Furthermore, the mechanical makeup of planets and moons rails against such an idea, especially in the one most studied example we currently live on. There is just no explanation for how this planet got it's different parts and in particular that most enigmatic iron core.
SCVGoodToGo
4.3 / 5 (6) Apr 06, 2018
@ Fred
apparently you failed physics 101, and completely skipped chemistry 101
jonesdave
3.5 / 5 (8) Apr 06, 2018
@ Fred
apparently you failed physics 101, and completely skipped chemistry 101


Yep, but he got an A+ in religious woo!
691Boat
5 / 5 (6) Apr 06, 2018
The discovery may lead to new insight into how the solar system formed—with the help of magnetic fields—from a protoplanetary disk

Unfortunately it will NOT! The assumption that planets form from a protoplanetary disk all by itself is unsubstantiated and contrary to real life physics 101. This self-formation is hypothetical conjecture, unsupported by ANY real-life observation whatsoever.
Furthermore, the mechanical makeup of planets and moons rails against such an idea, especially in the one most studied example we currently live on. There is just no explanation for how this planet got it's different parts and in particular that most enigmatic iron core.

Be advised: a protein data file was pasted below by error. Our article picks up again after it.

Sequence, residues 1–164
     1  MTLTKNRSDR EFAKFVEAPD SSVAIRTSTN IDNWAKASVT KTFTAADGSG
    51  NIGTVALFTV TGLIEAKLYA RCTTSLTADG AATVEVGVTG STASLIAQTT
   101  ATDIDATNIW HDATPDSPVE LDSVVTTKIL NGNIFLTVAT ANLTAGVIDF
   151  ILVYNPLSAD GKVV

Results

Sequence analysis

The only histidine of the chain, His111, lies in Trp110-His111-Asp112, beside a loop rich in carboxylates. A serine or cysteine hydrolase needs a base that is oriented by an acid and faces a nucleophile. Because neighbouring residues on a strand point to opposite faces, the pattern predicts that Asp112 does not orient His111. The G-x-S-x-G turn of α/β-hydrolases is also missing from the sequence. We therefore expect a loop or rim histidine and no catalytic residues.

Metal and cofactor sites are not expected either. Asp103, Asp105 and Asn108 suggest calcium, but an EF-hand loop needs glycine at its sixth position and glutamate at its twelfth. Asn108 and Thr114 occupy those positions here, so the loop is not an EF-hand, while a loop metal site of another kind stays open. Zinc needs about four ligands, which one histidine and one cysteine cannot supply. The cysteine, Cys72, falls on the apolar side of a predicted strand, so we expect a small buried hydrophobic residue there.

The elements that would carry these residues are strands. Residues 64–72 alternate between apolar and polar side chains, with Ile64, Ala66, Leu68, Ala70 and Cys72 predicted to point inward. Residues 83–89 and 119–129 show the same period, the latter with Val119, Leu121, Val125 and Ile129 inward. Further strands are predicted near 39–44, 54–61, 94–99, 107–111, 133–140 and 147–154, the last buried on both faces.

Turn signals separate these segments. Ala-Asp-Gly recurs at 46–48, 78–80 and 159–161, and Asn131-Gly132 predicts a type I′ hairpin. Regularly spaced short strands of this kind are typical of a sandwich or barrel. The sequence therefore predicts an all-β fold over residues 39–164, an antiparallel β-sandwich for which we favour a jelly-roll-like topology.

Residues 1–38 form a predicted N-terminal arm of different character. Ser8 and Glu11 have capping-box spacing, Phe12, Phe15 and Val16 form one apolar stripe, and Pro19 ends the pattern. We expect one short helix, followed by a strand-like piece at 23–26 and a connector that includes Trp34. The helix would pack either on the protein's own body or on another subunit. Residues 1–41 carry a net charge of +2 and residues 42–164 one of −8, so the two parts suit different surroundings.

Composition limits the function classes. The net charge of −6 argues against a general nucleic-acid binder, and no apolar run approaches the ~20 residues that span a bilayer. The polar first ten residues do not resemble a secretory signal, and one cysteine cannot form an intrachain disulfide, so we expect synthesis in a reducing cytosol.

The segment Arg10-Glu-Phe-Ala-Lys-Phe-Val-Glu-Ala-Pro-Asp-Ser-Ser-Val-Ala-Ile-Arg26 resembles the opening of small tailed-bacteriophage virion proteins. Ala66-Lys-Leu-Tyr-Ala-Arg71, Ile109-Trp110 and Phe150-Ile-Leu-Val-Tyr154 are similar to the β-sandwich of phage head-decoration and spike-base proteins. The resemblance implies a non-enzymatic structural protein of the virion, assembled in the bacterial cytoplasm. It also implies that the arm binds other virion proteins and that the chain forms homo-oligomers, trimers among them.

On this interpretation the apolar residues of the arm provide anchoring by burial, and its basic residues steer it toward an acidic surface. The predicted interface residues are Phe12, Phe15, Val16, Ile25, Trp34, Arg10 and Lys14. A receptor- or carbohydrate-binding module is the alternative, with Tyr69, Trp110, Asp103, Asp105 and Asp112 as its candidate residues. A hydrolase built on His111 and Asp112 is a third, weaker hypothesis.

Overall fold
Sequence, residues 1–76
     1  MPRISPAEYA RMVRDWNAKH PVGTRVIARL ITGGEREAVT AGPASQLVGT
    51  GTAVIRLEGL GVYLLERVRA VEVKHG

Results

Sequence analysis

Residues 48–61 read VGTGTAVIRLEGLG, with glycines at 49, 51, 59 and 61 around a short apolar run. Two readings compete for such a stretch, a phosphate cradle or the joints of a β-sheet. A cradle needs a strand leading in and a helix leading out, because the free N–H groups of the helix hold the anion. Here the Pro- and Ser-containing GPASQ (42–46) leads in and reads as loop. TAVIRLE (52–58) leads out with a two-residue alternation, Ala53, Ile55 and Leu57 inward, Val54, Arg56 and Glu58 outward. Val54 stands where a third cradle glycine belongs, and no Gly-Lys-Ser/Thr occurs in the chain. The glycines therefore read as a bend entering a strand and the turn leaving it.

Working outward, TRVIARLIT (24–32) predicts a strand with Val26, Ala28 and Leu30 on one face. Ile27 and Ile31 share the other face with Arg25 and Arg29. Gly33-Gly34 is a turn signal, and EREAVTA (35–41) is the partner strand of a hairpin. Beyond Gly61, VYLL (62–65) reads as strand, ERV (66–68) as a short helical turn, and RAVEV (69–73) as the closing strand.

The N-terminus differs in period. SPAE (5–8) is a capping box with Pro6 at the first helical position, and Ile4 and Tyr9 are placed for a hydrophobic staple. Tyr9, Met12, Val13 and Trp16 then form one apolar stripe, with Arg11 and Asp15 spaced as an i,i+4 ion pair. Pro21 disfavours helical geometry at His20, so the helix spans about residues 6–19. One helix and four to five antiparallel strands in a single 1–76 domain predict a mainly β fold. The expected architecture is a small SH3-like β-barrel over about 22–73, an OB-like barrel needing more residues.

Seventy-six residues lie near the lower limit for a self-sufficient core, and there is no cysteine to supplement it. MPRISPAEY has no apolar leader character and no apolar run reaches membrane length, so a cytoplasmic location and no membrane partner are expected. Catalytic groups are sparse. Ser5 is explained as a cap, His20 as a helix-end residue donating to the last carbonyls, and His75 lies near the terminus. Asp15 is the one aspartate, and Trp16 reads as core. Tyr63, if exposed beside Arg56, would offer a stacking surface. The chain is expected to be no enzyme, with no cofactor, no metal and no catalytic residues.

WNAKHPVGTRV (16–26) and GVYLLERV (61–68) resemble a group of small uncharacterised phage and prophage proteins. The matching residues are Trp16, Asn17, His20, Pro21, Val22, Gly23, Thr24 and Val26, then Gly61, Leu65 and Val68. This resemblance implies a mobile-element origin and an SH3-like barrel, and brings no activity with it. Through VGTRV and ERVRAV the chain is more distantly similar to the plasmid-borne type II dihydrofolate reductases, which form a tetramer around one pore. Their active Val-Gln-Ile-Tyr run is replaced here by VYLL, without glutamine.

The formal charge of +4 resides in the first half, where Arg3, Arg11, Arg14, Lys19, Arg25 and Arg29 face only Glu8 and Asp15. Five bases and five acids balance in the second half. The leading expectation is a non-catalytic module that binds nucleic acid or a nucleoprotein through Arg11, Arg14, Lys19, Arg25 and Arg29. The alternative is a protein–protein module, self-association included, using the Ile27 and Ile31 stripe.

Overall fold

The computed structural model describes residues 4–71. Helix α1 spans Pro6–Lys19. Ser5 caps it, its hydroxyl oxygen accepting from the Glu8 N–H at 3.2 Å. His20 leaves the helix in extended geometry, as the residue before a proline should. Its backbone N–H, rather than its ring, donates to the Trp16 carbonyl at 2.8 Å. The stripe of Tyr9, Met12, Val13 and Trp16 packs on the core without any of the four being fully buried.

Are you honestly trying to say that two objects with mass have never been observed to be pulled towards each other due to their gravity?
torbjorn_b_g_larsson
4.3 / 5 (6) Apr 07, 2018
Gravity and rotation out of the sum of random movement makes planetary disks and planets, this has been known for decades and is consistent with physics 101 - or the theory would not cut it. Which your non-alternative of unpublished, unsaid ideas do not, obviously for everyone else.

"Furthermore, the mechanical makeup of planets and moons rails against such an idea, especially in the one most studied example we currently live on. There is just no explanation for how this planet got it's different parts and in particular that most enigmatic iron core."

I am not sure what you mean by "mechanical makeup", but accretion heating and iron core formation has been the explanation for an even longer time. So drop your nonsense claim of 'no explanation', it hurts the eyes of those who do know to look it up in the nearest encyclopedia.

The comment in sum: No curiosity asking and answering questions on a science site, which is its educational purpose. Just trolling insane claims.